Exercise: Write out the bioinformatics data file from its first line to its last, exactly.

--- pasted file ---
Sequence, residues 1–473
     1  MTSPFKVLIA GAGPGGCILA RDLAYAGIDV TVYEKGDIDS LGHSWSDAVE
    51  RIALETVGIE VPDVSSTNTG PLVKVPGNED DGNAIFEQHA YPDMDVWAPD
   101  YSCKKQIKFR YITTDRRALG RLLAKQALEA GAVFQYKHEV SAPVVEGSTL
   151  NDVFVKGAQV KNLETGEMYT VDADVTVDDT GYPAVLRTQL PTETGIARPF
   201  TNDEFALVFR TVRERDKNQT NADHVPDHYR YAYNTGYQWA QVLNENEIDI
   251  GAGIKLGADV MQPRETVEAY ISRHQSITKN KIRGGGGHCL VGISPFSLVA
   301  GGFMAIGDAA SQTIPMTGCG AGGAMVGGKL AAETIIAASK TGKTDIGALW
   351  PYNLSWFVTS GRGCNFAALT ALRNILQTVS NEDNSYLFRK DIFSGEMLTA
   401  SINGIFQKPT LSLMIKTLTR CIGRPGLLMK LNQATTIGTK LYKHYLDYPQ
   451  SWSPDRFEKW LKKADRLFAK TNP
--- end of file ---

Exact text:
Sequence, residues 1–473
     1  MTSPFKVLIA GAGPGGCILA RDLAYAGIDV TVYEKGDIDS LGHSWSDAVE
    51  RIALETVGIE VPDVSSTNTG PLVKVPGNED DGNAIFEQHA YPDMDVWAPD
   101  YSCKKQIKFR YITTDRRALG RLLAKQALEA GAVFQYKHEV SAPVVEGSTL
   151  NDVFVKGAQV KNLETGEMYT VDADVTVDDT GYPAVLRTQL PTETGIARPF
   201  TNDEFALVFR TVRERDKNQT NADHVPDHYR YAYNTGYQWA QVLNENEIDI
   251  GAGIKLGADV MQPRETVEAY ISRHQSITKN KIRGGGGHCL VGISPFSLVA
   301  GGFMAIGDAA SQTIPMTGCG AGGAMVGGKL AAETIIAASK TGKTDIGALW
   351  PYNLSWFVTS GRGCNFAALT ALRNILQTVS NEDNSYLFRK DIFSGEMLTA
   401  SINGIFQKPT LSLMIKTLTR CIGRPGLLMK LNQATTIGTK LYKHYLDYPQ
   451  SWSPDRFEKW LKKADRLFAK TNP